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In my sample code, I'm trying to replace any words in 'text' that match with either 'redact' or 'redact_again'. Since it's an either/or scenario, I thought || would be used. It turns out that && actually works. If both or either one match, it replaces them with the word "Redacted" properly. If it doesn't find a match, it just reprints the 'text' as it should. I just want to understand why using || doesn't work in an either/or scenario?

puts "Tell me a sentence"
text = gets.chomp.downcase
puts "Redact this word: "
redact = gets.chomp.downcase
puts "And redact another word: "
redact_another = gets.chomp.downcase

words = text.split(" ")
words.each do |x|
 if x != redact && x != redact_another
 print x + " "
 else
 print "REDACTED "
 end
end
share|improve this question
    
Do you have an apple or an orange....no i don't have an apple AND I don't have an orange. – Kubee Dec 6 '12 at 6:21
    
never understod why people uses negations when affirmations can be used – user904990 Dec 6 '12 at 6:27
1  
Replace any words ... with either ... or ... is better replaced by a positive if == || == as in Salil's answer. In the ordinary speech we often say "if I have not this OR not that", and it is a common mistake to translate it by if ... OR .... But in computer language it must be translated by "not this AND not that", because what we actually mean is "if I have not (this or that)" => if not (a || b) or if not a && not b – BernardK Dec 6 '12 at 8:47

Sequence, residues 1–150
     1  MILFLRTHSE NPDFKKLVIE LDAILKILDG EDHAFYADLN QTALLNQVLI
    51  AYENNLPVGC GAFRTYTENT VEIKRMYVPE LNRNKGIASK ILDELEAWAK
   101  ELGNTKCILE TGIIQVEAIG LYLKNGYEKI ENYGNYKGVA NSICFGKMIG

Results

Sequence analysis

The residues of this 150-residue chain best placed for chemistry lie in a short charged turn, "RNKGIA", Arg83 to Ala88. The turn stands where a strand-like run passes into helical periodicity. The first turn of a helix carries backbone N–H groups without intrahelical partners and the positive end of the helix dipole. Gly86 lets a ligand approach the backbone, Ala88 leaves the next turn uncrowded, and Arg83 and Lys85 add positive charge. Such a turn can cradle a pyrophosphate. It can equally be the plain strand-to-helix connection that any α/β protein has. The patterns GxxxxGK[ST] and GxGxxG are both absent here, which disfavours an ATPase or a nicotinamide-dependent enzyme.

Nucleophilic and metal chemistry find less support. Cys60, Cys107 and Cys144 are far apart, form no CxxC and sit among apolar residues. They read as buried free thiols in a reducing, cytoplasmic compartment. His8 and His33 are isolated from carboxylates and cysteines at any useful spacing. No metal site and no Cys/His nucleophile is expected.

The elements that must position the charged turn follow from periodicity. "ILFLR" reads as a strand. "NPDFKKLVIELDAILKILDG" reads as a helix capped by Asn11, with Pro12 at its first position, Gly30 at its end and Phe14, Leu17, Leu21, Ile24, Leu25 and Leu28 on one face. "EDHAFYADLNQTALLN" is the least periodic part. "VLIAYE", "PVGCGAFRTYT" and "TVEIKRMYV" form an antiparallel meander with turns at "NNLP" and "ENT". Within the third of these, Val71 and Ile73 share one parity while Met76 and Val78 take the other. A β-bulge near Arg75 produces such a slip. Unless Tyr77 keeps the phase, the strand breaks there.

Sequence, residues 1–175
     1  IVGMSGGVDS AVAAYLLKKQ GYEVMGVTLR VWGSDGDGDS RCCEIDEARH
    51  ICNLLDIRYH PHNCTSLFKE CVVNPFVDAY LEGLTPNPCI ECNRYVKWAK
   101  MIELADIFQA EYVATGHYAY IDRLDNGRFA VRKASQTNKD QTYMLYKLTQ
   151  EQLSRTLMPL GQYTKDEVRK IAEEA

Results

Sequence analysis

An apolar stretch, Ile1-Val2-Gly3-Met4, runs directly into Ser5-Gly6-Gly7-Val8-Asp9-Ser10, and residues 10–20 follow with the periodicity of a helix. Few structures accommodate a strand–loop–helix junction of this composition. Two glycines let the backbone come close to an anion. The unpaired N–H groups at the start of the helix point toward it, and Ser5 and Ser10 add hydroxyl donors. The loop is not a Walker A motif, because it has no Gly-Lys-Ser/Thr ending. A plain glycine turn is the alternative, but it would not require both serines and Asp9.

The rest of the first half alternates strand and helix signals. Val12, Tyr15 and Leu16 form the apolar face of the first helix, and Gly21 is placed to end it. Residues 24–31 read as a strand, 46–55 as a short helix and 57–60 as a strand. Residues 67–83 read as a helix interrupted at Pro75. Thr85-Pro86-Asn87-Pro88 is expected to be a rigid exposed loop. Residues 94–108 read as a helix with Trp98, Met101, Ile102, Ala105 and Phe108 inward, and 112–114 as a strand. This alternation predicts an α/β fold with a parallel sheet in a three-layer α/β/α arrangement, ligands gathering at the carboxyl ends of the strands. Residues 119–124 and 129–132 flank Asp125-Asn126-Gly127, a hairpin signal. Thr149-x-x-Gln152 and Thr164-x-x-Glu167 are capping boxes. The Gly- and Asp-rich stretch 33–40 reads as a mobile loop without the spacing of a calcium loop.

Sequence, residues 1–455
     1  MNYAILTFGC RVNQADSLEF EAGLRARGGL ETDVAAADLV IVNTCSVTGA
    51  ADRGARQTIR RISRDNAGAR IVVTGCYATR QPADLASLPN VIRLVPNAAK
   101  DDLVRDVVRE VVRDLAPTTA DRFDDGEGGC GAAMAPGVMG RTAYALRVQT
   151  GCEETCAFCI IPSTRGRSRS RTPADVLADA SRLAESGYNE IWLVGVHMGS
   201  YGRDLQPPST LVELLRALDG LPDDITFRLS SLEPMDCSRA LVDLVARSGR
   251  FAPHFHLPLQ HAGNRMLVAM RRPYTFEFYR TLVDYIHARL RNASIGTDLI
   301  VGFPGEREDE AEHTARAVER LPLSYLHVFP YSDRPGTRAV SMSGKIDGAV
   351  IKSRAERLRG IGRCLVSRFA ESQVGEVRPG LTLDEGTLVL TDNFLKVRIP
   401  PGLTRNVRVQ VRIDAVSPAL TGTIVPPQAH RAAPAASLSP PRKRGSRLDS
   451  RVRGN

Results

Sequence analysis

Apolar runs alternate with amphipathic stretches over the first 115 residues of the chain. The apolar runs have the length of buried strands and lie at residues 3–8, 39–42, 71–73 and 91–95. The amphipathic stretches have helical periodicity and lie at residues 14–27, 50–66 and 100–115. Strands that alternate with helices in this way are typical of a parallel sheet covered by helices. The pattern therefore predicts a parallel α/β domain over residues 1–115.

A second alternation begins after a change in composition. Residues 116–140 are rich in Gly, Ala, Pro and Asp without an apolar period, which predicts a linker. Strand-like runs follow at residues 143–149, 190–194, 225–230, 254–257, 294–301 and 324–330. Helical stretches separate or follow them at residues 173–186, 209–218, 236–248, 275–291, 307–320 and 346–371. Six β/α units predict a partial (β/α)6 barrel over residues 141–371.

Replace any words ... with either ... or ... is better replaced by a positive if == || == as in Salil's answer. In the ordinary speech we often say "if I have not this OR not that", and it is a common mistake to translate it by if ... OR .... But in computer language it must be translated by "if not this AND not that", because what we actually mean is "if I have not (this or that)" => if not (a || b). We should say "if I have neither this nor that" => if not a && not b. As you can see in thecamel's answer, the negation of ORing two positive terms is equivalent to ANDing two negated terms. – BernardK Dec 6 '12 at 10:46
    
Thanks, guys. I think I understand. It's a problem I was working through at Codecademy. I'm a rookie (obviously), so please forgive the immaturity of my question. :) – bw_qa Dec 6 '12 at 14:24
up vote 0 down vote accepted

It's a boolean condtion that causes this to happen.

Boolean values are either a 0 or 1.

  • When && is used BOTH variables must be 1 to be true.
  • When || is used EITHER variables must be 1 to be true.

Inverting the logic implies that the following two statements are logically correct:

(x == redact || x == redact_another) == (if x != redact && x != redact_another)

Nifty.

share|improve this answer
    
Thanks. I understand that using && requires both to be true. The confusing part was why does it work if 'redact' finds a match but 'redact_another' does not. I get it now. Thanks for your answer! – bw_qa Dec 6 '12 at 14:39
    
Another link to relevant material: DeMorgan's Laws – obfk Dec 7 '12 at 2:38

Following should work

 if x == redact || x == redact_another
   print "REDACTED "
 else
   print x + " "
 end

OR

 print [redact, redact_another].include?(x) ? "REDACTED " : x + " "
share|improve this answer
    
Thanks for showing me how to do it differently, but I was trying to understand why my sample worked differently than I expected it to. Seeing different ways of doing the same thing did help explain things. Thanks! – bw_qa Dec 6 '12 at 19:00

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